Next up, I needed an image to complement the business name.

2015-10-17 07.28.03


Inspired by the picture on the left, a gift from my brother, I asked author/designer Michael Hiebert to create a simple logo that 
reflected my love of books and dogs.

logo4_300dpi_.65inches (2)

www.anniedaylon.com

 

 I was thrilled with the result. >>

 McRAC Books is definitely a keeper! 🙂

 

Free Short StoryI invite you to join my author journey: subscribe to my newsletter which contains news about books, links to blogs, and occasional fun facts about my beloved island of Newfoundland. Place your first name and email address in the space provided on the right. Rest assured your email address will not be shared for any reason. 

My best to you,

Annie Signature Light Blue

 

 

Adding a Map to a Novel? Here’s an Idea…

by @AnnieDaylon

If you are considering adding a map to the front or back matter of a novel, consider this idea …

My upcoming novel, OF SEA AND SEED, is set on the island of Newfoundland, located on the east coast of Canada.

Canada Map

Newfoundland and Labrador shutterstock.com

Newfoundland and Labrador  shutterstock.com

As an avid reader of books with varied geographic settings, I appreciate authors/publishers who include some kind of map to help anchor the story. In order to provide that visual for my readers, I hunted for the perfect image. None available.

I downloaded a map (right) of the Canadian province of Newfoundland and Labrador. From there, I considered drawing, labeling, scanning, uploading… a lot of work.

A simpler solution came when I consulted a friend (author/graphic designer Brian Rodda ) who suggested doing it the way that National Geographic does. He did a pencil demo; I loved it.

The dedication for my novel reads simply: for love of Newfoundland. I decided the map could be placed below it.  The map is not greatly detailed; that is not required. The main areas in the story are shown: the community of Argentia and the city of St. John’s on the Avalon Peninsula, the Burin Peninsula (community not specified in novel,) and the tiny French island of St. Pierre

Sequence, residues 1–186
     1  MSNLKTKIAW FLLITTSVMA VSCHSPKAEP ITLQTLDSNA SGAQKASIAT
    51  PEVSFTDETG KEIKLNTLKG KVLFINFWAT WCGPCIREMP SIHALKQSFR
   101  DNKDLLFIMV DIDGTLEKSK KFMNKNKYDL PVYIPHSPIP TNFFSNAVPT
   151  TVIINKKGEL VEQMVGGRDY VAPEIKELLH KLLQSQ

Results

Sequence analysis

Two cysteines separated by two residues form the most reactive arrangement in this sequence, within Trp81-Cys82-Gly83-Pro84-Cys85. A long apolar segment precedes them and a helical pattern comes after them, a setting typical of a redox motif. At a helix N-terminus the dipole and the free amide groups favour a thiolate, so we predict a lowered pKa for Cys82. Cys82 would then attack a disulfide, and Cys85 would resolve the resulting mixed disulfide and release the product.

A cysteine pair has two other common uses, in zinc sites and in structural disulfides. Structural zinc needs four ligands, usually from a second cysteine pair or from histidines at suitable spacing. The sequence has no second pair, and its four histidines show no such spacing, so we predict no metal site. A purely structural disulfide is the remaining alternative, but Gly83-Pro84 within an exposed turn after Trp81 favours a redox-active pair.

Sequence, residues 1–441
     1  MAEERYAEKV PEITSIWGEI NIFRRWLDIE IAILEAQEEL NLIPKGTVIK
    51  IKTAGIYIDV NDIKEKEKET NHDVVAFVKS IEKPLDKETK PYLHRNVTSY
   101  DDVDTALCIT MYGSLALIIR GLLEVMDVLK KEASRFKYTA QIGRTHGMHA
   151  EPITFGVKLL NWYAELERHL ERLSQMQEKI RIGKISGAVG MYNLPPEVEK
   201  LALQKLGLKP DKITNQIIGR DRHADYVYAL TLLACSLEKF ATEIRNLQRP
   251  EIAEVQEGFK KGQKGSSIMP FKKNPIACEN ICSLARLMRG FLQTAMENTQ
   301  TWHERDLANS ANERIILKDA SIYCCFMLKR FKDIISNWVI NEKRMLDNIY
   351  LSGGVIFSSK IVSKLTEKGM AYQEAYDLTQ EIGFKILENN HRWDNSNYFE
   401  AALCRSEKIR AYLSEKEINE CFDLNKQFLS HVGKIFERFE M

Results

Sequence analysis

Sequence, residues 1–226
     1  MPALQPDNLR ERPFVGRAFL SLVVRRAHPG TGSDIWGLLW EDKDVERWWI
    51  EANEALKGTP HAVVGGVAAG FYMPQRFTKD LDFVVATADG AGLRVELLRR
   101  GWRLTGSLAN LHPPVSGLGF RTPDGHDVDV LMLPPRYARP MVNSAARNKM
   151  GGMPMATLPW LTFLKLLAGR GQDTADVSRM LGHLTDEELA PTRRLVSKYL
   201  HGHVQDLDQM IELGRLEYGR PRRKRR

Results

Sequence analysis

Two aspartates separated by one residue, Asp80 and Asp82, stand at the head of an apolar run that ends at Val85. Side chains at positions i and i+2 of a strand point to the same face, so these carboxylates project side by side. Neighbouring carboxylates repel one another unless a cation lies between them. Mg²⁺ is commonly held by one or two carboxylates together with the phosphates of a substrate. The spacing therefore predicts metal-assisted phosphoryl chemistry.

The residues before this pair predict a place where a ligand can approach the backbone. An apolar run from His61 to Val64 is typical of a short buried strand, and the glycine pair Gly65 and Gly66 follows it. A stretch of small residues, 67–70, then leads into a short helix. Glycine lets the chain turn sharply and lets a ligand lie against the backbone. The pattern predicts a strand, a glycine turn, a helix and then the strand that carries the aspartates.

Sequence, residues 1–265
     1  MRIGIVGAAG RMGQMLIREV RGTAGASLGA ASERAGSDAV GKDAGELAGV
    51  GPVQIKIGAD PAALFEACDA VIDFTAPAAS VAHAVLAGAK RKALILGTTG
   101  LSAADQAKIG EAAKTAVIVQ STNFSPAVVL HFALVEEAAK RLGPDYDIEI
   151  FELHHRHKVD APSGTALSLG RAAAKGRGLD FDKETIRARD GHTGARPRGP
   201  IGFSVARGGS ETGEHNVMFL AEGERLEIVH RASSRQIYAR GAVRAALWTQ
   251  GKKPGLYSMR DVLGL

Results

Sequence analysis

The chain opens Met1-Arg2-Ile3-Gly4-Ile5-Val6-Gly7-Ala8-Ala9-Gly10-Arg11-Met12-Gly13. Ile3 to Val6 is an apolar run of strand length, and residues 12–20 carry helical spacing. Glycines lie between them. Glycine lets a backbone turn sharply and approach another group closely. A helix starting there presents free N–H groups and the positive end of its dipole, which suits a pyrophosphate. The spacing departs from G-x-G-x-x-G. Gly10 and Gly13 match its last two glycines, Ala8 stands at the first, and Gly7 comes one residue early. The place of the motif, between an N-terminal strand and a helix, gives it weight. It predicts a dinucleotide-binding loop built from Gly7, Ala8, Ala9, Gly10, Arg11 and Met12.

Print

Having just seen the interior proof of my novel, I can report that Brian successfully mapped out a solution to what was for me a dilemma. Maybe it is one that will work for you too.

Or maybe you have other ideas to share???

My best to you,

Annie Signature Light Blue

 

Pick of the Twitter: August, 2015

Pick of the Twitter 005

Looking for writing/marketing tips? Here are my Top Twitter picks for August, 2015:

  1. 7 Tips to Promote Your Book for FREE  via @111publishing

  2. An Updated Guide to the Marketing in the Big 6 Social Networks  via @socialmedia2day

  3. Book Launch Tips for Traditional and Self-Published Authors  @BookBaby

  4. Overwhelmed As An Author? How To Work With Virtual Assistants  @ChrisDucker via @thecreativepenn

  5. How Long Is A Novel? @MaeveMaddox

  6. How to Write Vivid Descriptions by @ChuckSambuchino via @JamesLeeSchmidt

  7. Protagonist and Main Character— Same Person? The Answer May Transform Your Story! @KMWeiland

  8.  “What Should a Novelist Blog About? Do’s and Don’ts for Author-Bloggers”  by @anneallen via @thecreativepenn

  9. How to Self-Publish Your Book on a Budget by @miralsattar

  10. Have you seen our FREE Author Marketing Checklist? Great guide for authors! @bkmkting

  11. Writing Your First Book: 5 Tasks to Focus on Besides Writing: @thewritelife

  12. Broken, Not Bitter. An Author’s Life with Repetitive Strain Injuries  @thecreativepenn

  1. It Only Gets Harder Once You’re Published  by Chuck Wendig

  2. 8 Tips for Writing a Synopsis:  @ceciliaedits via @elizabethscraig

  3. How to Find an Editor as a Self-Published Author via @janeFriedman

  4. Take Your Writing Outdoors: 9 Tips for Successfully Working Outside @thewritelife

  5. Making Bad Things Happen to Good Characters @aliventures

  6. Writing Your Book’s Back-Cover Copy  @JaneFriedman

  7. Basic Formatting of Your Manuscript (Formatting 101) by @JodieRennerEd

Many thanks to Tweeters and Bloggers alike!

A FREE SHORT STORY is yours when you subscribe to my Author Newsletter: simply your first name and email address in the space provided on the upper right. Rest assured that your email address will not be shared. 

My best to you,
Annie Signature Light Blue